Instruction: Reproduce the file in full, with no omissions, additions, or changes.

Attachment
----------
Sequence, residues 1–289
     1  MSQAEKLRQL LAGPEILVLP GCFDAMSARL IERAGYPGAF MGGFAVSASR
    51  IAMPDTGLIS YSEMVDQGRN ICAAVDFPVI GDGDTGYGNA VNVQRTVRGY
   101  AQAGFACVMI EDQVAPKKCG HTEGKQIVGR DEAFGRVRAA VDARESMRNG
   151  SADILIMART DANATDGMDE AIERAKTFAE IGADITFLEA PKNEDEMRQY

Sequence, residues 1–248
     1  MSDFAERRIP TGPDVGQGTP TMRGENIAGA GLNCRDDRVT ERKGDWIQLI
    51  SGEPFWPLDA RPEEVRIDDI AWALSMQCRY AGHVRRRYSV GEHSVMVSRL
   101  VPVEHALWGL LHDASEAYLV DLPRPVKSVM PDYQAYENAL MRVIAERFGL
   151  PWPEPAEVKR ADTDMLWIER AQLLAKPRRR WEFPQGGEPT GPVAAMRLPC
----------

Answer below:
Sequence, residues 1–289
     1  MSQAEKLRQL LAGPEILVLP GCFDAMSARL IERAGYPGAF MGGFAVSASR
    51  IAMPDTGLIS YSEMVDQGRN ICAAVDFPVI GDGDTGYGNA VNVQRTVRGY
   101  AQAGFACVMI EDQVAPKKCG HTEGKQIVGR DEAFGRVRAA VDARESMRNG
   151  SADILIMART DANATDGMDE AIERAKTFAE IGADITFLEA PKNEDEMRQY

Sequence, residues 1–248
     1  MSDFAERRIP TGPDVGQGTP TMRGENIAGA GLNCRDDRVT ERKGDWIQLI
    51  SGEPFWPLDA RPEEVRIDDI AWALSMQCRY AGHVRRRYSV GEHSVMVSRL
   101  VPVEHALWGL LHDASEAYLV DLPRPVKSVM PDYQAYENAL MRVIAERFGL
   151  PWPEPAEVKR ADTDMLWIER AQLLAKPRRR WEFPQGGEPT GPVAAMRLPC